Zeller joined the Women’s Foundation of Colorado in August 2011. She became its vice president for community initiatives and investment.[18]

Zeller was only involved in the organization until the end of 2012.

From 2013 on, she has become a freelance non-profit communications and funding strategy consultant. Among the organizations she worked with include WorldDenver, Rocky Mountain PBS, Colorado Civic Engagement Roundtable, and the General Service Foundation.[19]

In July 2018, she became the publisher of the Colorado Independent. “I’ll be writing occasional columns talking about our impact, about the role of media in this state, and other topics.” she wrote in her first and only column at the paper.[20] She left the media outlet in October 2018.

Currently, she serves on the board of WorldDenver, a business and foreign exchange organization.[21] The group brings in international visitors to Denver with cooperation with the U.S. State Department and hosts speaker events in the Denver area.

References

  1. Gesing, Lars. 2016. “Sunday Special Report: Former Staffers Recall ’84 Run Of Gary Hart”. Colorado Politics. https://www.coloradopolitics.com/news/sunday-special-report-former-staffers-recall-run-of-gary-hart/article_f2204a6e-c4e7-5931-8c36-3a6a170d1536.html. ^
  2. Gesing, Lars. 2016. “Sunday Special Report: Former Staffers Recall ’84 Run Of Gary Hart”. Colorado Politics. https://www.coloradopolitics.com/news/sunday-special-report-former-staffers-recall-run-of-gary-hart/article_f2204a6e-c4e7-5931-8c36-3a6a170d1536.html. ^
  3. “Laurie Hirschfeld Zeller”. 2019. Linkedin. Accessed January 21. https://www.linkedin.com/in/lauriehirschfeldzeller/. ^
  4. “Laurie Hirschfeld Zeller”. 2019. Linkedin. Accessed January 21. https://www.linkedin.com/in/lauriehirschfeldzeller/.   ^
  5. Mitchell, Daniel. 2018. “Colorado’S Taxpayer Bill Of Rights Should Be A Model For The Nation | Daniel J. Mitchell”. Fee.Org. https://fee.org/articles/colorado-s-taxpayer-bill-of-rights-should-be-a-model-for-the-nation/. ^
  6. “Referendum C Language”. 2019. Leg.State.Co.Us. Accessed January 21. http://www.leg.state.co.us/lcs/ballothistory.nsf/835d2ada8de735e787256ffe0074333d/8a5bec33db321ff9872570c1005c963e?OpenDocument. ^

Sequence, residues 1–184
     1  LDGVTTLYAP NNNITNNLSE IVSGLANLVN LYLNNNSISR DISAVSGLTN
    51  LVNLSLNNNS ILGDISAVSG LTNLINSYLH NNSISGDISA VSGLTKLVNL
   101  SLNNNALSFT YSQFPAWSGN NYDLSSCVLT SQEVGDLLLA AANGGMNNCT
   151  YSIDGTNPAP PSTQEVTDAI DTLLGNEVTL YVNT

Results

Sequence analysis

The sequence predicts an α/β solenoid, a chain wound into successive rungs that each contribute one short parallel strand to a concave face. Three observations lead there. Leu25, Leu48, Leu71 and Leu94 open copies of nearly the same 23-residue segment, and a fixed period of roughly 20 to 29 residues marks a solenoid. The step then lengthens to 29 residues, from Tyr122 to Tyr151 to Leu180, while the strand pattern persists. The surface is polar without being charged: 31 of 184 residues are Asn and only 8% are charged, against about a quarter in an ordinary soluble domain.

7. “Referendum D Language”. 2019. Leg.State.Co.Us. Accessed January 21. http://www.leg.state.co.us/lcs/ballothistory.nsf/835d2ada8de735e787256ffe0074333d/d963deed318297b8872570c1005ceeab?OpenDocument. ^
  8. “Colorado 2005 Ballot Measures.” Ballotpedia. Accessed January 22, 2019. https://ballotpedia.org/Colorado_2005_ballot_measures. ^
  9. Blueprint For Opportunity. 2006. Ebook. Denver, Colorado: Bell Policy Center. ^
  10.  Blueprint For Opportunity. 2006. Ebook. Denver, Colorado: Bell Policy Center. ^
  11. Blueprint For Opportunity. 2006. Ebook. Denver, Colorado: Bell Policy Center. ^
  12. “Laurie Hirschfeld Zeller”. 2019. Linkedin. Accessed January 21. https://www.linkedin.com/in/lauriehirschfeldzeller/. ^
  13. Vadum, Matthew, and James Dellinger. 2008. “The Democracy Alliance Does America: The Soros-Founded Plutocrats’ Club Forms State Chapters”. Capitalresearch.Org. https://capitalresearch.org/article/the-democracy-alliance-does-america-the-soros-founded-plutocrats-club-forms-state-chapters/. ^
  14. Vadum, Matthew, and James Dellinger. 2008. “The Democracy Alliance Does America: The Soros-Founded Plutocrats’ Club Forms State Chapters”. Capitalresearch.Org. https://capitalresearch.org/article/the-democracy-alliance-does-america-the-soros-founded-plutocrats-club-forms-state-chapters/. ^
  15. Vadum, Matthew, and James Dellinger. 2008. “The Democracy Alliance Does America: The Soros-Founded Plutocrats’ Club Forms State Chapters”. Capitalresearch.Org. https://capitalresearch.org/article/the-democracy-alliance-does-america-the-soros-founded-plutocrats-club-forms-state-chapters/. ^
  16. Vadum, Matthew, and James Dellinger. 2008. “The Democracy Alliance Does America: The Soros-Founded Plutocrats’ Club Forms State Chapters”. Capitalresearch.Org. https://capitalresearch.org/article/the-democracy-alliance-does-america-the-soros-founded-plutocrats-club-forms-state-chapters/. ^
  17. Engdahl, Todd. 2010. “Teacher Bill Gets Out Of House Ed”. Chalkbeat. https://www.chalkbeat.org/posts/co/2010/05/07/teacher-bill-gets-out-of-house-ed/. ^
  18. Jones, Callie. 2012. “Listening Tour Hears Women’s Stories At Local Level”. Journal-Advocate.Com. http://www.journal-advocate.com/ci_20242233/listening-tour-hears-womens-stories-at-local-level. ^
  19. “Laurie Hirschfeld Zeller”. 2019. Linkedin. Accessed January 21. https://www.linkedin.com/in/lauriehirschfeldzeller/. ^
  20. Zeller, Laurie. 2018. “A Letter From Our Publisher – The Colorado Independent”. The Colorado Independent. https://www.coloradoindependent.com/2018/07/07/publisher-colorado-independent-laurie-zeller-letter/. ^
  21. “Worlddenver – Board Of Directors”. 2019. Worlddenver.Org. Accessed January 21. https://worlddenver.org/board.php. ^

Connected Organizations

  1. Bell Policy Center (Non-profit)
    Former Policy Director
  2. Colorado Democracy Alliance (CODA) (Other Group)
    Former Executive Director
  3. Colorado Independent (Non-profit)
    Publisher